New Delhi: “The entire basket of fruits cannot be given to mighty at the cost of others under the guise of forming a homogeneous class,” the Supreme Court on Thursday observed while favouring re-look of its 2004 verdict that had held that states do not have power to further classify Scheduled Castes and Scheduled Tribes to grant quota in jobs and admissions.
“In case benefit which is meant for the emancipation of all the castes, included in the list of Scheduled Castes, is permitted to be usurped by few castes those who are adequately represented, have advanced and belonged to the creamy layer, then it would tantamount to creating inequality whereas in case of hunger every person is required to be fed and provided bread.”
“The entire basket of fruits cannot be given to mighty at the cost of others under the guise of forming a homogeneous class,” a five-judge Constitution bench headed by Justice Arun Mishra said.
It said that right to quality under the constitution would be defeated if the persons, who have come up among SCs and STs after enjoying the fruits of the quota, are not excluded and the poorest among them are not promoted.
“Reservation was not contemplated for all the time by the framers of the Constitution. On the one hand, there is no exclusion of those who have come up, on the other hand, if sub-classification is denied, it would defeat right to equality by treating unequal as equal,” said the bench which also comprised Justices Indira Banerjee, Vineet Saran, M R Shah and Aniruddha Bose.
It said that the Constitution is an ‘effective tool of social transformation and removal of inequalities’ and the social realities cannot be ignored and overlooked while the organic documents aimed at the comprehensive removal of the disparities.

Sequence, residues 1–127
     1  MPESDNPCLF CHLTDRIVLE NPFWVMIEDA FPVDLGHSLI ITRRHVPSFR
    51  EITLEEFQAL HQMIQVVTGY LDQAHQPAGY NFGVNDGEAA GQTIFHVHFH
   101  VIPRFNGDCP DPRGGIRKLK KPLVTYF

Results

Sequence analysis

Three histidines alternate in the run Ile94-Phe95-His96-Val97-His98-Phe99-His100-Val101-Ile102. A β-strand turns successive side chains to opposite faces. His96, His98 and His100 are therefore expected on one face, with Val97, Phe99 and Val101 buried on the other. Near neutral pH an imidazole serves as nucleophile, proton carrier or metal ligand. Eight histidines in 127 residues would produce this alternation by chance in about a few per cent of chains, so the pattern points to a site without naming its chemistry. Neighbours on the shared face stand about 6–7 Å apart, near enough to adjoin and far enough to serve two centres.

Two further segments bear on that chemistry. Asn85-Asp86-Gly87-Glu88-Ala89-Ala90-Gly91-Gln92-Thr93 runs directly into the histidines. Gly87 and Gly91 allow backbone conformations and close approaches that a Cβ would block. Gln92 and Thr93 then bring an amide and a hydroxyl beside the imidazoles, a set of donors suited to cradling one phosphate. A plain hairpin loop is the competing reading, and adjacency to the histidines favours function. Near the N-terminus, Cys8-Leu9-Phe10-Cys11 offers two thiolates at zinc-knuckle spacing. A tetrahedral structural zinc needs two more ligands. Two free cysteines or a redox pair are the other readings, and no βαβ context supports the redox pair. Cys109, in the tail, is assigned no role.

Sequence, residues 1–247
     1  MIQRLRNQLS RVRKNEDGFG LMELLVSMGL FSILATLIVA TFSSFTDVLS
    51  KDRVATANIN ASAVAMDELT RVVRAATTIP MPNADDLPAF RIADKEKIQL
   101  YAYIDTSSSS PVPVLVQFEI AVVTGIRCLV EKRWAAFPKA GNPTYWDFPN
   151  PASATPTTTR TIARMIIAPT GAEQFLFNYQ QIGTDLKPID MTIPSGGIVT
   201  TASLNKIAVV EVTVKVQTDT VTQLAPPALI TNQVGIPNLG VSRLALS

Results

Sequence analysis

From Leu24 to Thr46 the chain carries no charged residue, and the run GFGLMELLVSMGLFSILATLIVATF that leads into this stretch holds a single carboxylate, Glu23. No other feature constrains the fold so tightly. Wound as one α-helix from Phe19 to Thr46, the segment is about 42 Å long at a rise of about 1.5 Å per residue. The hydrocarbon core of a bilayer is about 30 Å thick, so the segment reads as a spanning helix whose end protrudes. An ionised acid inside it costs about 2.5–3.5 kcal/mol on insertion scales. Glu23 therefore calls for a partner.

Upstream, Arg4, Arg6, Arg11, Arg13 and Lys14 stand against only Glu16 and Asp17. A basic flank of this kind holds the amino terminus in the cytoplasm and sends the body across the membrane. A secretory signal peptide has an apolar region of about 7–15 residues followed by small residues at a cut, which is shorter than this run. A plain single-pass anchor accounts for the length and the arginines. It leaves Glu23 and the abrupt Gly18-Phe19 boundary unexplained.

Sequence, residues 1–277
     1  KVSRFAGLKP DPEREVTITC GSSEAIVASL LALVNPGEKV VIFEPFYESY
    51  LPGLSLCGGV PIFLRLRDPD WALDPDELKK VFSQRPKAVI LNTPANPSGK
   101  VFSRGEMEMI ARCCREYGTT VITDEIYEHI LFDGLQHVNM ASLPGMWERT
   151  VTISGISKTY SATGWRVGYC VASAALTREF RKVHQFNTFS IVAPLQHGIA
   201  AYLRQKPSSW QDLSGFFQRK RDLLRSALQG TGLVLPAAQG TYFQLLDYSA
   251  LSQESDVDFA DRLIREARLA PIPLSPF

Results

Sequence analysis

“The very purpose of providing reservation is to take care of disparities. The Constitution takes care of inequalities. There are unequals within the list of SCs, STs, and socially and educationally backward classes. Various reports indicate that SCs and STs do not constitute a homogenous group. The aspiration of equal treatment of the lowest strata, to whom the fruits of the reservation have not effectively reached, remains a dream,” it said.
Various castes by and large remain where they were, and they remain unequals, it said, asking ‘are they destined to carry their backwardness till eternity’.
In the federal structure, the State, as well as Parliament, have a constitutional directive for the upliftment of SCs and STs and socially and backward classes, it said.
“The State government has the right to provide reservation in the fields of employment and education. There is no constitutional bar to take further affirmative action as taken by the State Government in the cases to achieve the goal.”
“By allotting a specific percentage out of reserved seats and to provide preferential treatment to a particular class, cannot be said to be violative of the list under Articles 341, 342, and 342A as no enlisted caste is denied the benefit of reservation,” the bench opined.
It, being a coordinate bench of equal strength, referred to a larger bench of the 2004 E V Chinnaiah judgment in which it was held that the states cannot give preference to certain SCs and STs as it would amount to tinkering with the Presidential list under the Constitution.
“The State’s obligation is to undertake the emancipation of the deprived section of the community and eradicate inequalities. When the reservation creates inequalities within the reserved castes itself, it is required to be taken care of by the State making sub classification and adopting a distributive justice method so that State largesse does not concentrate in few hands and equal justice to all is provided,” it said.